Your camera will probably have an exposure setting for "high key" images (I don't know the Canon menus or settings), but you'll probably find that there will be a bit of trial-and-error involved in any case getting the exposure right. You'll want even the purest white to have enough body to it in order to have substance and texture, but not so dark that it doesn't register as "white" to the viewer's eye. That's a bit of a tricky balance, but if you keep to a fairly standard lighting setup, it won't take you long to zero in on a setting you can use as a fairly reliable starting point. It will only be when you're doing new custom colours that you'll have to do much fiddling around with exposure compensation and so on. It might help to use a grey card as a starting point.

Experiment a little. Play around. There's no reason why you shouldn't be able to take pictures that are at least as good as any of the ones currently on your site -- even those does by pros. You care about your cakes more than they do, and you know what you want to show to your customers.

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"cakes are people too" - I feel like a cannibal now. –  rfusca Jul 15 '11 at 5:34

One thing I didn't realise until doing the photographs at a friend's wedding recently (and the groom's sister had made the cake) is that a cake can have a front and a back (yes, even the round ones).

The back is where ribbons and any creases in the icing join up and once you look out for it you can spot it but it's something that can be easily overlooked if you weren't aware of it.

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Looking through your gallery, the single piece of advice I'd give you is to pay attention to your backgrounds. You can do some adjustment of the exposure in photoshop at any point, but if you don't get the backgrounds right, there's little chance of ever making it a great picture.

At best, your background will complement the photo, and at worst, you should make sure that it doesn't contain any distracting elements (including doors, windows, window blinds, and picture frames). Before you take the picture, ask yourself if there is anything, especially items being partially cropped out on any of the sides of the picture, that are distracting. And if so, try to reposition yourself (high, low, another side, or get yourself a backdrop).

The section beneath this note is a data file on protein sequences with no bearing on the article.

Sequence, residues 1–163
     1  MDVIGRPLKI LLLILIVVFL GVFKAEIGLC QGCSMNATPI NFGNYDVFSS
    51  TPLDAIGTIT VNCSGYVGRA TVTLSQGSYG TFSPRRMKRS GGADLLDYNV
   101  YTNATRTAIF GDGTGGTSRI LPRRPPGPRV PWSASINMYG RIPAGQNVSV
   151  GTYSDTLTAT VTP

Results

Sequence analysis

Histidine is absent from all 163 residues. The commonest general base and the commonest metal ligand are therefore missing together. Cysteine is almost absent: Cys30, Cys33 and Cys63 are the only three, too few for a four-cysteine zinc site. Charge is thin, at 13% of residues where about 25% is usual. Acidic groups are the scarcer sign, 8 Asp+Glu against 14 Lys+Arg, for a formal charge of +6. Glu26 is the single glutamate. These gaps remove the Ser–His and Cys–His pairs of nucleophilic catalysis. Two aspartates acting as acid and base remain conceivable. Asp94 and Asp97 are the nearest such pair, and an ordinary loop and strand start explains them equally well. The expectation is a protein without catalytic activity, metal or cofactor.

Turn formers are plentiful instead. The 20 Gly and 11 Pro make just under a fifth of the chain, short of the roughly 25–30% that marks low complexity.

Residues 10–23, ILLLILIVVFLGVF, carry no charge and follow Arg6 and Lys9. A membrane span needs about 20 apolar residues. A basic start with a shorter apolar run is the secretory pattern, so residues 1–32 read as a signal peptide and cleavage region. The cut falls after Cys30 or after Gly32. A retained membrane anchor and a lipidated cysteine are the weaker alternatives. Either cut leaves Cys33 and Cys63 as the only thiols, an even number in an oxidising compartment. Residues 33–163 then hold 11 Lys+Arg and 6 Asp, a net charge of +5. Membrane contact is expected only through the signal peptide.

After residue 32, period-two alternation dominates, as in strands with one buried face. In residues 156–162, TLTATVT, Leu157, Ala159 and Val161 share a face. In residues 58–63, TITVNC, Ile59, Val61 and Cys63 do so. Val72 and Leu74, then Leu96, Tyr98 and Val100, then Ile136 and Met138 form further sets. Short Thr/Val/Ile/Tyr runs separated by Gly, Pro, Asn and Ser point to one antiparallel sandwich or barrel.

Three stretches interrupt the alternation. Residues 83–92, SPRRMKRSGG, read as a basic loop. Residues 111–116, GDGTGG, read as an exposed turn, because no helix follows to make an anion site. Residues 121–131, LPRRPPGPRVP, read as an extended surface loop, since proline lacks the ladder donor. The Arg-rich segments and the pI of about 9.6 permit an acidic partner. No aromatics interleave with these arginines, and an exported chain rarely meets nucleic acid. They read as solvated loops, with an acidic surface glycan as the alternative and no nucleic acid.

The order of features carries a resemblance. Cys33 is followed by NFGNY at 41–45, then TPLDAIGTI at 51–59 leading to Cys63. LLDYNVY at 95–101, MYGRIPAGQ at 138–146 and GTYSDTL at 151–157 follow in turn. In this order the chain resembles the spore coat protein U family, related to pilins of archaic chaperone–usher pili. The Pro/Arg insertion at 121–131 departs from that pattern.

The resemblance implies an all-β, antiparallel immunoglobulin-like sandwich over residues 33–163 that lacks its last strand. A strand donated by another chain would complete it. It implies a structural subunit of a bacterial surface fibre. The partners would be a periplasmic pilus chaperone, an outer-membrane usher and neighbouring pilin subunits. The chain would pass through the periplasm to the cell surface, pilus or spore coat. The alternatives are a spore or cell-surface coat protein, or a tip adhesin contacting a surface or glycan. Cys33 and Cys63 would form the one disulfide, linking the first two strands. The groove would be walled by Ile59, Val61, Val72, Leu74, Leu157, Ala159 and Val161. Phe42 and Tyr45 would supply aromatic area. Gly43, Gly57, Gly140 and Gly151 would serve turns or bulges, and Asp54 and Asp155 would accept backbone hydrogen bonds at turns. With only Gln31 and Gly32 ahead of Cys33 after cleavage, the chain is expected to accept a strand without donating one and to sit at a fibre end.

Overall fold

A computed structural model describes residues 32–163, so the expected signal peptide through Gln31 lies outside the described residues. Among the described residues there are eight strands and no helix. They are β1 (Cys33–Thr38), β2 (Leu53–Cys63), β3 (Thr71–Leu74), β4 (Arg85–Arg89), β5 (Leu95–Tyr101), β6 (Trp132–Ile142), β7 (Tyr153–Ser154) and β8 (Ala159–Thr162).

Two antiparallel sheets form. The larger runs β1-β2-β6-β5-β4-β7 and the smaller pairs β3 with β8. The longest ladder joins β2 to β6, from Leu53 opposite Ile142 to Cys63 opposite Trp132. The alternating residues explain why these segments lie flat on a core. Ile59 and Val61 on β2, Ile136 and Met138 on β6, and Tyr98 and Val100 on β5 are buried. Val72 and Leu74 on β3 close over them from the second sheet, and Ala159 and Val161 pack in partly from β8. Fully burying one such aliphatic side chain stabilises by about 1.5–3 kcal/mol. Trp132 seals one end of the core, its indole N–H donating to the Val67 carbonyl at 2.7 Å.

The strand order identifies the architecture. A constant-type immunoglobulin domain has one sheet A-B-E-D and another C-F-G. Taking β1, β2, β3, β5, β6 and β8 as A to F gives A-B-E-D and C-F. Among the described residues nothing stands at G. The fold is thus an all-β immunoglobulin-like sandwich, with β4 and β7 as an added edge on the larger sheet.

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Get a lens that has good macro/close-focusing capabilities; this will let you get some of the fine details on the cake, which can be just as impressive as the entire cake itself.

I'd also recommend a lens with a large maximum aperture, such as a 50mm f/1.8 or f/1.4. This is important for two reasons:

  • It may allow you to use natural light rather than a complicated and bulky off-camera flash setup.
  • It will allow you to have a shallower depth of field, which results in blurred backgrounds and greater subject isolation.

Both are very important when shooting cakes on-location, where you'll probably have little time or control over the setting.

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I would add a couple of things:

1 - a portable background can sometimes help - e.g. if the cake is in the middle of a cluttered room.

2 - shoot details as well as the whole cake.

I had trouble inserting an image, but here's a link to an example (I haven't done a lot of successful cake photography)

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This is a follow up answer, to complement some of the others. Your website now has some nice photos of wedding cakes.

The photo on the front page has a big flaw: The cake sits in a fluffy, hairy carpet.

This is about the first thing I noticed! That might be just me, but especially because you have a very intricate cake, great lighting and background.

Then I think -- I don't like to eat of the carpet, especially such a hairy one. And, weird as I may be, I would look for a different cake designer!

Wedding cake